A phase II study of ipilimumab plus temozolomide in patients with metastatic melanoma

Sapna P. Patel, Dae Won Kim, Roland L. Bassett, Suzanne Cain, Edwina Washington, Wen Jen Hwu, Kevin B. Kim, Nicholas E. Papadopoulos, Jade Homsi, Patrick Hwu, Agop Y. Bedikian

Research output: Contribution to journalArticle

9 Citations (Scopus)

Abstract

Checkpoint blockade has revolutionized the treatment of melanoma; however, it benefits only the minority of patients. Several agents have been combined with immunotherapy to improve T-cell activation and persistence including growth factor, chemotherapy, and radiation. Preclinical data suggest that temozolomide, which metabolizes to the same active compound as dacarbazine, selectively depletes regulatory T cells. This potential immunomodulatory effect of temozolomide provides rationale for combination with ipilimumab. We performed an open-label single-arm phase II study of ipilimumab plus temozolomide in the frontline setting for patients with metastatic melanoma and LDH ≤2× upper limit of normal. Ipilimumab was given at 10 mg/kg on day 1 and temozolomide 200 mg/m2 orally days 1–4 every 3 weeks for four doses followed by maintenance ipilimumab every 12 weeks plus temozolomide every 4 weeks. The primary objective of the study was 6-month PFS. A total of 64 patients were enrolled and the 6-month PFS was 45% with median OS of 24.5 months. There were 10 (15.6%) confirmed partial responses and 10 (15.6%) confirmed complete responses. Duration of response amongst responders is 35 months with 10 patients demonstrating an ongoing response at median follow-up of 20 months. There were no deaths or unexpected toxicities on study. The most common gastrointestinal side effects were nausea and constipation rather than diarrhea or colitis. These results suggest that the combination of induction ipilimumab plus temozolomide could potentially be an effective strategy to enhance antitumor activity with a manageable toxicity profile. These findings warrant further evaluation in a large prospective study.

Original languageEnglish (US)
Pages (from-to)1359-1366
Number of pages8
JournalCancer Immunology, Immunotherapy
Volume66
Issue number10
DOIs
StatePublished - Oct 1 2017

Fingerprint

temozolomide
Melanoma
Dacarbazine
Regulatory T-Lymphocytes
Constipation
Colitis
Immunotherapy
Nausea
ipilimumab
Diarrhea
Intercellular Signaling Peptides and Proteins
Maintenance
Prospective Studies
Radiation

Keywords

  • Clinical trial
  • Ipilimumab
  • Melanoma
  • Regulatory T cells
  • Temozolomide

ASJC Scopus subject areas

  • Immunology and Allergy
  • Immunology
  • Oncology
  • Cancer Research

Cite this

Patel, S. P., Kim, D. W., Bassett, R. L., Cain, S., Washington, E., Hwu, W. J., ... Bedikian, A. Y. (2017). A phase II study of ipilimumab plus temozolomide in patients with metastatic melanoma. Cancer Immunology, Immunotherapy, 66(10), 1359-1366. https://doi.org/10.1007/s00262-017-2030-y

A phase II study of ipilimumab plus temozolomide in patients with metastatic melanoma. / Patel, Sapna P.; Kim, Dae Won; Bassett, Roland L.; Cain, Suzanne; Washington, Edwina; Hwu, Wen Jen; Kim, Kevin B.; Papadopoulos, Nicholas E.; Homsi, Jade; Hwu, Patrick; Bedikian, Agop Y.

In: Cancer Immunology, Immunotherapy, Vol. 66, No. 10, 01.10.2017, p. 1359-1366.

Research output: Contribution to journalArticle

Patel, SP, Kim, DW, Bassett, RL, Cain, S, Washington, E, Hwu, WJ, Kim, KB, Papadopoulos, NE, Homsi, J, Hwu, P & Bedikian, AY 2017, 'A phase II study of ipilimumab plus temozolomide in patients with metastatic melanoma', Cancer Immunology, Immunotherapy, vol. 66, no. 10, pp. 1359-1366. https://doi.org/10.1007/s00262-017-2030-y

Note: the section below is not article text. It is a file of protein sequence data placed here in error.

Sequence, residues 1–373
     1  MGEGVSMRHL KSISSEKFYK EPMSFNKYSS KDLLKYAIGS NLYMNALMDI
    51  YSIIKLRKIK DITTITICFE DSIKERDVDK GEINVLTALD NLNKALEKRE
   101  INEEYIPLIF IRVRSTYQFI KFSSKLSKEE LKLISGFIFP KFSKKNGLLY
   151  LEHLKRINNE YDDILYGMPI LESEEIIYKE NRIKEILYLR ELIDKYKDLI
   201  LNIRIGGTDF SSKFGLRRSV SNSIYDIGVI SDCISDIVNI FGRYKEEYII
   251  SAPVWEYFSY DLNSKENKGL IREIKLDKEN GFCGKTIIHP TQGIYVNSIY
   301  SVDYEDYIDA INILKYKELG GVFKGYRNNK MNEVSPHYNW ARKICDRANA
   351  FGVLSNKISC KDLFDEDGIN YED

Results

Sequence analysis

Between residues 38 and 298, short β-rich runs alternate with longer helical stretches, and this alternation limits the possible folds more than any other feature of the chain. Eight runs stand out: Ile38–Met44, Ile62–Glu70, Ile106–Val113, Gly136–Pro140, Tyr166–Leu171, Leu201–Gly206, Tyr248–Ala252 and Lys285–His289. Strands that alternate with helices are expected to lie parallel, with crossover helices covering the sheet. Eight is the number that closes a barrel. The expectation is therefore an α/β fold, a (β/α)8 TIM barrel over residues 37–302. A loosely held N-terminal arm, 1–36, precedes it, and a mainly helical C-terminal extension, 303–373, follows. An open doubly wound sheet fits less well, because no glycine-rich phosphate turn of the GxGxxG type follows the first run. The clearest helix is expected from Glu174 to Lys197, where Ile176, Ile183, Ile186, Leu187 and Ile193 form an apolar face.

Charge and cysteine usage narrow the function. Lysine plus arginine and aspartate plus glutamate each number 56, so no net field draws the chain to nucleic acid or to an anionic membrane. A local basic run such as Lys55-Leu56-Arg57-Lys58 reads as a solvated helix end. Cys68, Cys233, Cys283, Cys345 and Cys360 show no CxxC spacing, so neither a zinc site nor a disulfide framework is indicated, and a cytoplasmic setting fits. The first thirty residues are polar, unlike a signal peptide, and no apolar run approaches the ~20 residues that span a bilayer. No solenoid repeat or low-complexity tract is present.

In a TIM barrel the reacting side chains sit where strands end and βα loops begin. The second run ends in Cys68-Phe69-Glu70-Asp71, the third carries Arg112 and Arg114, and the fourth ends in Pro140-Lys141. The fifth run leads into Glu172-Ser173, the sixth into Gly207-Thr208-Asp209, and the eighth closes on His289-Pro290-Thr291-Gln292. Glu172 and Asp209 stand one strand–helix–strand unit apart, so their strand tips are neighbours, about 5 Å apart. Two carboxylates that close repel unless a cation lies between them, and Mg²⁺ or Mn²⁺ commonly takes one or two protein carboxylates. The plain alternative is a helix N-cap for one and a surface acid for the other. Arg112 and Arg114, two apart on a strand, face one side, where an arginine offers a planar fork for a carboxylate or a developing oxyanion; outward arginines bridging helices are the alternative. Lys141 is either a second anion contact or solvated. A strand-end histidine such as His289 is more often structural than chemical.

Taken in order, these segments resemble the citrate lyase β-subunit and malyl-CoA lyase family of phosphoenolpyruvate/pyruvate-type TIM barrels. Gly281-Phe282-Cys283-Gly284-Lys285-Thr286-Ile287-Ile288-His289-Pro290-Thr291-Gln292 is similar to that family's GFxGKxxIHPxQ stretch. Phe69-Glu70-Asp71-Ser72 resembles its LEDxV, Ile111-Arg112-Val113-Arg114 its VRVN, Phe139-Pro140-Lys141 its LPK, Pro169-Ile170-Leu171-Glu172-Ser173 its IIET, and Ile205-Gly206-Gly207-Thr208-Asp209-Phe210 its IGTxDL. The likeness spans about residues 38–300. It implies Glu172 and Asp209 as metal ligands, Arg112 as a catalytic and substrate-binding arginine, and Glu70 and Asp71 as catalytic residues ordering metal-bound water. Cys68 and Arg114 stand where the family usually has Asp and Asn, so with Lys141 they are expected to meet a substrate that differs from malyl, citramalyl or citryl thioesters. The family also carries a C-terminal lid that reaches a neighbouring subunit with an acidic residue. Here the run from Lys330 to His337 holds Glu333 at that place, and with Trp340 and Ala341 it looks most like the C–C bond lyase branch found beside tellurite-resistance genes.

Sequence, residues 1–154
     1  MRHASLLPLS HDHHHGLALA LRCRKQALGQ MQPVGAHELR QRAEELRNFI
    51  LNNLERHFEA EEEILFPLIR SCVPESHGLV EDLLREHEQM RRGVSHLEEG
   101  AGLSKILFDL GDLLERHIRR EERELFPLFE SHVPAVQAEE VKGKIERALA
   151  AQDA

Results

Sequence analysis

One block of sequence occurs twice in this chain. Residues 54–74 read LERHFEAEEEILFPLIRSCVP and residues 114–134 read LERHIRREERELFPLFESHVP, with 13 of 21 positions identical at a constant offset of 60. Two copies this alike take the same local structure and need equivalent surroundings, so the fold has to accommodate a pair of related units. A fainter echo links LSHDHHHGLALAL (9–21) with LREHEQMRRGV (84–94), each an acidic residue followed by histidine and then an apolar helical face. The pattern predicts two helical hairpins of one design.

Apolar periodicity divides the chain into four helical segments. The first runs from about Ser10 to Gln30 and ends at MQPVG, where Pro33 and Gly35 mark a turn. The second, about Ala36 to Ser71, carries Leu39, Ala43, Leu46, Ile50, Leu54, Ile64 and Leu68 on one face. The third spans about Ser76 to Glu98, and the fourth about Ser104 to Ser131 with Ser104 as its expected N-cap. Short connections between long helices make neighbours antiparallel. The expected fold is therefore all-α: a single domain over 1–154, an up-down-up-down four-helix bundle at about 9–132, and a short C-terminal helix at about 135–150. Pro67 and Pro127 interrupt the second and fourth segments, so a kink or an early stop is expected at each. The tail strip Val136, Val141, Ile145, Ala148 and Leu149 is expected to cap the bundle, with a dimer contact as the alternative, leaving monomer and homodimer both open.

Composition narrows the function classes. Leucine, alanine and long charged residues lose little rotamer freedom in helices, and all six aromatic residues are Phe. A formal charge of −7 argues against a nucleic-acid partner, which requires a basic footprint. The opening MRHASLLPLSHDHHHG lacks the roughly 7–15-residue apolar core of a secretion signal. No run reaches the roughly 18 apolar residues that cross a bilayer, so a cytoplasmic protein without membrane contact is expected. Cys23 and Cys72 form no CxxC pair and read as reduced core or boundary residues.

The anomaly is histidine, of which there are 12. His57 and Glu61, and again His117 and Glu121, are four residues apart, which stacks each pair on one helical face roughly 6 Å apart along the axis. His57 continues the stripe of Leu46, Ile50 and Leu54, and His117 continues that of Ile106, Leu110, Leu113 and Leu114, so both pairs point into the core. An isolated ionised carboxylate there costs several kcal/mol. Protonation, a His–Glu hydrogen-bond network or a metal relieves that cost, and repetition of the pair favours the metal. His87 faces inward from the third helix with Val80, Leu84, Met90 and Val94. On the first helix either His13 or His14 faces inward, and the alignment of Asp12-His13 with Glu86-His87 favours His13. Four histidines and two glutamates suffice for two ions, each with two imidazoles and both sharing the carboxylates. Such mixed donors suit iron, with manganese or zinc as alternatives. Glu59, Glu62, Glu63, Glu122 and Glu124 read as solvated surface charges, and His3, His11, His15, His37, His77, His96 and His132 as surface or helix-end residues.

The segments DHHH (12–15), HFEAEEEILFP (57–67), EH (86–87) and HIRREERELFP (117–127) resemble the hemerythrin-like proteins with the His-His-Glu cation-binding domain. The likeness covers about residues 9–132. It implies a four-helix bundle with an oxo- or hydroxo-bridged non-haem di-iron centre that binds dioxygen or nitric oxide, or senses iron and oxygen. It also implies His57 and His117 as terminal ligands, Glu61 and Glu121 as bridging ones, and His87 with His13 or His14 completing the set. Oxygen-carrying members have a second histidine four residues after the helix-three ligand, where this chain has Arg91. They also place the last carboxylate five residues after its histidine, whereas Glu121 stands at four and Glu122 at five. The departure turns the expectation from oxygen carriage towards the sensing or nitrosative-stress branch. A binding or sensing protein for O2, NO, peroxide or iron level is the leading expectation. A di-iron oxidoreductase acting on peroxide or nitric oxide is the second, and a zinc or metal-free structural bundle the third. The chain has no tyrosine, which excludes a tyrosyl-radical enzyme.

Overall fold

Patel, Sapna P. ; Kim, Dae Won ; Bassett, Roland L. ; Cain, Suzanne ; Washington, Edwina ; Hwu, Wen Jen ; Kim, Kevin B. ; Papadopoulos, Nicholas E. ; Homsi, Jade ; Hwu, Patrick ; Bedikian, Agop Y. / A phase II study of ipilimumab plus temozolomide in patients with metastatic melanoma. In: Cancer Immunology, Immunotherapy. 2017 ; Vol. 66, No. 10. pp. 1359-1366.
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abstract = "Checkpoint blockade has revolutionized the treatment of melanoma; however, it benefits only the minority of patients. Several agents have been combined with immunotherapy to improve T-cell activation and persistence including growth factor, chemotherapy, and radiation. Preclinical data suggest that temozolomide, which metabolizes to the same active compound as dacarbazine, selectively depletes regulatory T cells. This potential immunomodulatory effect of temozolomide provides rationale for combination with ipilimumab. We performed an open-label single-arm phase II study of ipilimumab plus temozolomide in the frontline setting for patients with metastatic melanoma and LDH ≤2× upper limit of normal. Ipilimumab was given at 10 mg/kg on day 1 and temozolomide 200 mg/m2 orally days 1–4 every 3 weeks for four doses followed by maintenance ipilimumab every 12 weeks plus temozolomide every 4 weeks. The primary objective of the study was 6-month PFS. A total of 64 patients were enrolled and the 6-month PFS was 45{\%} with median OS of 24.5 months. There were 10 (15.6{\%}) confirmed partial responses and 10 (15.6{\%}) confirmed complete responses. Duration of response amongst responders is 35 months with 10 patients demonstrating an ongoing response at median follow-up of 20 months. There were no deaths or unexpected toxicities on study. The most common gastrointestinal side effects were nausea and constipation rather than diarrhea or colitis. These results suggest that the combination of induction ipilimumab plus temozolomide could potentially be an effective strategy to enhance antitumor activity with a manageable toxicity profile. These findings warrant further evaluation in a large prospective study.",
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